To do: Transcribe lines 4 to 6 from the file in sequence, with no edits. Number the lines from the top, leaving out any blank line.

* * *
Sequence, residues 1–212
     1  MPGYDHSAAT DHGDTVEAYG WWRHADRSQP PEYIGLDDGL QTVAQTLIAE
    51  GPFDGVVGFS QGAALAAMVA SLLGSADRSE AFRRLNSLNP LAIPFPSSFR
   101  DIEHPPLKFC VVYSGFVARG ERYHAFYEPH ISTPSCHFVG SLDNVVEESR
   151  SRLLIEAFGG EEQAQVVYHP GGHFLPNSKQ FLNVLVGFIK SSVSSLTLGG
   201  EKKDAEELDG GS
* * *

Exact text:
   101  DIEHPPLKFC VVYSGFVARG ERYHAFYEPH ISTPSCHFVG SLDNVVEESR
   151  SRLLIEAFGG EEQAQVVYHP GGHFLPNSKQ FLNVLVGFIK SSVSSLTLGG
   201  EKKDAEELDG GS